For investors, will there be more rewarding trips than Saga can offer? Phil Oakley investigates.
Saga began life in 1950, when its founder Sidney de Haan bought a hotel in Folkestone and started selling packaged holidays to pensioners. The business then gradually branched out into Europe and other parts of the world. It focused on selling holidays during off-peak periods to the over-50s, who generally had more flexibility to travel at these times. Saga Holidays was listed on the stock exchange in 1978 but was taken private by the de Haan family in 1990.
During the 1980s Saga set about diversifying from the holiday business and began selling insurance products. It bought its first cruise ship in the 1990s. In 2007 it began providing home care services for the elderly.
In 2004 the company was bought by its management and Charterhouse private-equity investors. They are now looking to sell a slice of it back to the public on the stock exchange, and pay down debt with some of the proceeds. So should you buy in or leave well alone?
How has the company fared?
There’s no doubt that Saga has built up a decent brand with the over-50s over the last 64 years. It would seem that the main reason to buy some shares in the company is that this section of the population is set to grow significantly in the years ahead. According to Saga, there were 22.8 million over-50s in the UK in 2013.
That number will grow to 29.1 million over the next 20 years. More importantly, the over-50s are the most affluent members of society.x Many of them are already retired with generous pensions and significant amounts of equity in their homes. In other words, they have plenty of money to spend. Saga thinks that it can profit from these developments and make more money for its new shareholders.
The company currently sells to 2.1 million households in the UK who each buy an average of 2.7 products. It also has 8.4 million customers on its database. While not all of these will buy a product, Saga believes that it can make more money by selling more services to existing and new customers. It also has plans to move into new areas such as home care services and wealth management.
Are there profits in the grey pound?
That’s all well and good but is Saga really a way to make money from the grey pound? There’s no disputing the fact that moneyed pensioners have and will be spending more money on things such as cruises and might want someone to help manage their wealth. But on the face of things, Saga doesn’t look like a company that is hugely profiting from these trends just now.
Instead, Saga looks more like an insurance company. If you look at the chart on the left then you can see that more than 90% of its profits last year came from selling insurance (and almost half from motor insurance) and financial services. Travel accounted for just 5% or trading profits of £10m.
Insurance is a tough place to be right now. It is an intensely competitive industry, while at the same time motor insurance premiums have been falling, making companies less profitable. Insurance companies also have to hold more reserves to make them less risky, which also makes it hard to make high returns for investors. If you have a look around at the moment, you’ll see that insurance companies do not command high valuations (high price/earnings ratios) on the stockmarket.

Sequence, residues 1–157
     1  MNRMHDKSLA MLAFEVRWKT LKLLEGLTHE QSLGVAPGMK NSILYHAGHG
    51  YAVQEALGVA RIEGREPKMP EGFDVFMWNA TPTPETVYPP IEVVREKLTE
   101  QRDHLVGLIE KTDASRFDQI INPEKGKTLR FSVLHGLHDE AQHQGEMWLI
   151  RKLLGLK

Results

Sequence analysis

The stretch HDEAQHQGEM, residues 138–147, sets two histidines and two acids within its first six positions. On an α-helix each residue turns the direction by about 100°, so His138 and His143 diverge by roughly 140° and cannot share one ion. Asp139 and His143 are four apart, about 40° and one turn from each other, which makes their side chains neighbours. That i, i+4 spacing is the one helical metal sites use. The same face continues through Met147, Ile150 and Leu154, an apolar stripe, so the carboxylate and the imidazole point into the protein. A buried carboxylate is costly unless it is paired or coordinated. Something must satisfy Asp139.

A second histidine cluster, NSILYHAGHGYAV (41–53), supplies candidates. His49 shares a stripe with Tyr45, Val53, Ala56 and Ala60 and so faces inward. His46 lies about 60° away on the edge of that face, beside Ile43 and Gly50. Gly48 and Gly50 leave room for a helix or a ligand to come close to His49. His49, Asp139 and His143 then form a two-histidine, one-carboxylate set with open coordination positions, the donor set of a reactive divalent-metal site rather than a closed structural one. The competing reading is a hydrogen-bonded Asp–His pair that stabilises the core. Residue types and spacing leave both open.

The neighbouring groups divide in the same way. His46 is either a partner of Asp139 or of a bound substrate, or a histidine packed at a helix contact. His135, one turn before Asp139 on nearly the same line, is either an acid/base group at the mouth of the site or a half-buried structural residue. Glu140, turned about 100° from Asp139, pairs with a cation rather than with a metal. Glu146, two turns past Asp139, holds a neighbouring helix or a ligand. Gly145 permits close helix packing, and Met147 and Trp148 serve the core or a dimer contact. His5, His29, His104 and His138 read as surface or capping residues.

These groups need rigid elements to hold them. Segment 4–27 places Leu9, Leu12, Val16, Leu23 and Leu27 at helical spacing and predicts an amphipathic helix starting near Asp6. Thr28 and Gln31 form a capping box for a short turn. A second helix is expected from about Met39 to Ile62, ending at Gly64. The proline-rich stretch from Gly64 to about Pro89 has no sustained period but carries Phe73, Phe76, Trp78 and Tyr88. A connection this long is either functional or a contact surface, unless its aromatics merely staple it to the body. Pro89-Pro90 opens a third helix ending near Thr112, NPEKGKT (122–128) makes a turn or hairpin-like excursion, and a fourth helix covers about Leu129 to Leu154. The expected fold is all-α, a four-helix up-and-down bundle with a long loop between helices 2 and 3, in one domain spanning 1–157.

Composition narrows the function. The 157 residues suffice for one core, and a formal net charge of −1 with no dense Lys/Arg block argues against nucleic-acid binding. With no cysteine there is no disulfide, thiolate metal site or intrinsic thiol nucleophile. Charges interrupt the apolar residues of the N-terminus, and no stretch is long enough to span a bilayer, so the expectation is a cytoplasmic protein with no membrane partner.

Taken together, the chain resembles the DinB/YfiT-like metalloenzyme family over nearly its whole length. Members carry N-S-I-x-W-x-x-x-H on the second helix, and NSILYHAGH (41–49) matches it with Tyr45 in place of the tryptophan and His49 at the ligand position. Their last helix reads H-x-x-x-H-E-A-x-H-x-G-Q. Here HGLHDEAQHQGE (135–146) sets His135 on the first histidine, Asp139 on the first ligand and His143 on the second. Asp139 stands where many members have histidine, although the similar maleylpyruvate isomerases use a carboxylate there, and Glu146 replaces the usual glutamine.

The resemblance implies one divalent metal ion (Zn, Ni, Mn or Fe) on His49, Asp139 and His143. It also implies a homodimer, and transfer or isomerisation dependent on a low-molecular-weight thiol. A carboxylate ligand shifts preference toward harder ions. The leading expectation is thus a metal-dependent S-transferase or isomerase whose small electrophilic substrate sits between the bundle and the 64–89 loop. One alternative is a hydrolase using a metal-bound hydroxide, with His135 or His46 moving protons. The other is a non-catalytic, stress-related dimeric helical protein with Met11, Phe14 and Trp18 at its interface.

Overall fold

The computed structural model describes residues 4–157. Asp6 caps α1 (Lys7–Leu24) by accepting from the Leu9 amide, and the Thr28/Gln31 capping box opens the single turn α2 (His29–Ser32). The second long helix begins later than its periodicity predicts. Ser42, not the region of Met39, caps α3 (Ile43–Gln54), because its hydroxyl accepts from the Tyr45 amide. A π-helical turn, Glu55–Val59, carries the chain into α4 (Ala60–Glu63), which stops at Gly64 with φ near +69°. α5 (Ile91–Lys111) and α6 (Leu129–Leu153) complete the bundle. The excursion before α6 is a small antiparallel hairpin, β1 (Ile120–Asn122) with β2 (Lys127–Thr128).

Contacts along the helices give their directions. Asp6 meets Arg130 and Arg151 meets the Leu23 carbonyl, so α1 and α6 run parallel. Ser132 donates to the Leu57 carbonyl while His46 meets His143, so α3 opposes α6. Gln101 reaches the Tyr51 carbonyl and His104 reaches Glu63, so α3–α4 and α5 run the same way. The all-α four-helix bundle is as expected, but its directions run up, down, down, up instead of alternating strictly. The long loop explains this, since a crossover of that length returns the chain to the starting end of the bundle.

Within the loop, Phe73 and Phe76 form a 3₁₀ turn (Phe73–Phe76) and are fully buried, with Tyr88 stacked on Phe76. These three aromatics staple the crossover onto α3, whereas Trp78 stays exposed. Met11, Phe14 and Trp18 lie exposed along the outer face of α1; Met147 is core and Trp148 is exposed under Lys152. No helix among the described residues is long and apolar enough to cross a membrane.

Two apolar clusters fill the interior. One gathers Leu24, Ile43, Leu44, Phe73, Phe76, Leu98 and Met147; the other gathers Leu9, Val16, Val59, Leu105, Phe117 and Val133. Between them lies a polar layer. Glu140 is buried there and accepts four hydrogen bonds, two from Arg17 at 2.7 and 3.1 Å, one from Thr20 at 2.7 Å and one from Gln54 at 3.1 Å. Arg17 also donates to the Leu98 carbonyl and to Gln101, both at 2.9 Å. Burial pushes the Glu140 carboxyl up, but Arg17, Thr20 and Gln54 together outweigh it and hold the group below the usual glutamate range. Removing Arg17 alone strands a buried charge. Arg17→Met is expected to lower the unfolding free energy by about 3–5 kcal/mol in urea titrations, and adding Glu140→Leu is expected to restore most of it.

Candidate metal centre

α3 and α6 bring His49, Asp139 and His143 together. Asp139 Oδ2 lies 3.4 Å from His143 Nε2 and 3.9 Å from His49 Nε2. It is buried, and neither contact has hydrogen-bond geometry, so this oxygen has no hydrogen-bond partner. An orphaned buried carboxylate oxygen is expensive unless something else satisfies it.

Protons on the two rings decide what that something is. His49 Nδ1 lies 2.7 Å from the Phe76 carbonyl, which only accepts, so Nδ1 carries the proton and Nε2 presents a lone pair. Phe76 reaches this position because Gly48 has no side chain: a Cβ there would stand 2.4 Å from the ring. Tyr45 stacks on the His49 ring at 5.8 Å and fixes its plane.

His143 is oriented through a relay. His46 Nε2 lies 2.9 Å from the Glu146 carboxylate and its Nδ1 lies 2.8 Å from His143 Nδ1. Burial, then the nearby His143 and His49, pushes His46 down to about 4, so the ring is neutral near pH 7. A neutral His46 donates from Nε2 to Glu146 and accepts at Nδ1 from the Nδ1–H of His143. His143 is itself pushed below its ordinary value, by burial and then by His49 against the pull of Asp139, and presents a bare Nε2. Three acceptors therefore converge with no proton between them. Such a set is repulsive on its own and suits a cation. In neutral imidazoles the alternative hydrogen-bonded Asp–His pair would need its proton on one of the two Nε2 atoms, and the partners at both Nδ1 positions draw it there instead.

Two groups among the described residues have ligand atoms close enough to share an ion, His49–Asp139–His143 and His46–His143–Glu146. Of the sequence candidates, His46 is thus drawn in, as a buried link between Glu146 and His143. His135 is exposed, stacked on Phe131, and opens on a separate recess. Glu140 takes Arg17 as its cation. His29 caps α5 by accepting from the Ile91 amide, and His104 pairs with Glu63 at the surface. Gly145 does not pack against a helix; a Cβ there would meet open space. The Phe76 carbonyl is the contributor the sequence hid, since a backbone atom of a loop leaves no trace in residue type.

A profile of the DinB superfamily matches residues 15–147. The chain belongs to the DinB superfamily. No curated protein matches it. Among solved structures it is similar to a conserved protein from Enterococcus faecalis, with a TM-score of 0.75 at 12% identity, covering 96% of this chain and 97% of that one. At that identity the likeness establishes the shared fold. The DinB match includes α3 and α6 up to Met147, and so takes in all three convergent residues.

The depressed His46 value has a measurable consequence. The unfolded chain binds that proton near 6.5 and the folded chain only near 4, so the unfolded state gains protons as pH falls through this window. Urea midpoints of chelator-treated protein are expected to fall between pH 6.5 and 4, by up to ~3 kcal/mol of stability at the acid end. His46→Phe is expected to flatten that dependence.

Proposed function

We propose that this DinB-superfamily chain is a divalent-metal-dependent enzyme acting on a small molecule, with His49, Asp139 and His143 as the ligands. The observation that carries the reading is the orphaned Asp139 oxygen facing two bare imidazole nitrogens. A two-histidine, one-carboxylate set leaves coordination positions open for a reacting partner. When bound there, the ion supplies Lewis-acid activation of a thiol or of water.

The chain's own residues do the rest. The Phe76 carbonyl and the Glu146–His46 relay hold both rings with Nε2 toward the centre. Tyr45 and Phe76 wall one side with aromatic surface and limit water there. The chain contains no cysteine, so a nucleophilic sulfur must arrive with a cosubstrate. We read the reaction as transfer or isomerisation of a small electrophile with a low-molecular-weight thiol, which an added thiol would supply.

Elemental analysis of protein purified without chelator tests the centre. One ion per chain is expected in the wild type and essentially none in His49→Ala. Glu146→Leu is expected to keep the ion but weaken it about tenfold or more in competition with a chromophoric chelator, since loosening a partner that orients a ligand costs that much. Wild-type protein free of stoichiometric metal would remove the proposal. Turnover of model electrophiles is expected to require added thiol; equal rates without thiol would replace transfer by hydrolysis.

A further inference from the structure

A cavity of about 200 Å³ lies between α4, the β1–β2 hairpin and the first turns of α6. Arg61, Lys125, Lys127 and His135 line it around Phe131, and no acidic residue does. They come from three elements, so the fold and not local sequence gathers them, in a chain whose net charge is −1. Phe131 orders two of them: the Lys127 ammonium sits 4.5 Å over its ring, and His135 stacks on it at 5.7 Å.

As far as travel is concerned, Saga clearly has a good cruise business that operates in a growth market. The trouble for potential investors in the company is that this business is not big enough to transform it. There is also the fact that many people don’t want packaged holidays and that low-cost airlines and the internet make it easier for them to make their own arrangements.
This might not matter if Saga was priced accordingly. So is it? A frequent problem with initial public offerings (IPOs) is that they are priced to maximise value for the seller, not the buyer. Legendary value investor Benjamin Graham avoided IPOs for this reason. I’d tend to agree – unless, of course, the government is the selling shareholder, as with Royal Mail.
Unfortunately, it seems that Saga’s shares are going to follow the typical IPO pattern, and be priced at too high a level. Based on the mid-point of the indicated price range of 185p-245p (so 215p), Saga would have a market value of £2.3bn. This would equate to 21 times last year’s after-tax profits. With around half of those profits to be paid out as dividends, the indicated dividend yield of around 2.4% is not particularly appetising either. These are the kinds of valuations paid for companies capable of growing their profits at a high rate for a long time. Saga might be able to do this, but its profits have barely grown at all since 2012.
Should you buy the shares?
Having a look through its accounts and crunching some numbers, it would seem that Saga is a reasonable but unspectacular business, based on the profits it makes on the money it has invested. Saga made an after-tax profit of £110m last year on equity of £1.1bn – a return on equity (ROE) of 10%. For a business to be valued at £2.3bn or more, I would suggest that ROE needs to be a lot higher.
So I’d pass on Saga shares unless they end up being significantly cheaper. However, if you would like to take the risk and buy some shares, the deadline for applications is Tuesday 20 May. Unconditional dealing in the shares will begin on Thursday 29 May.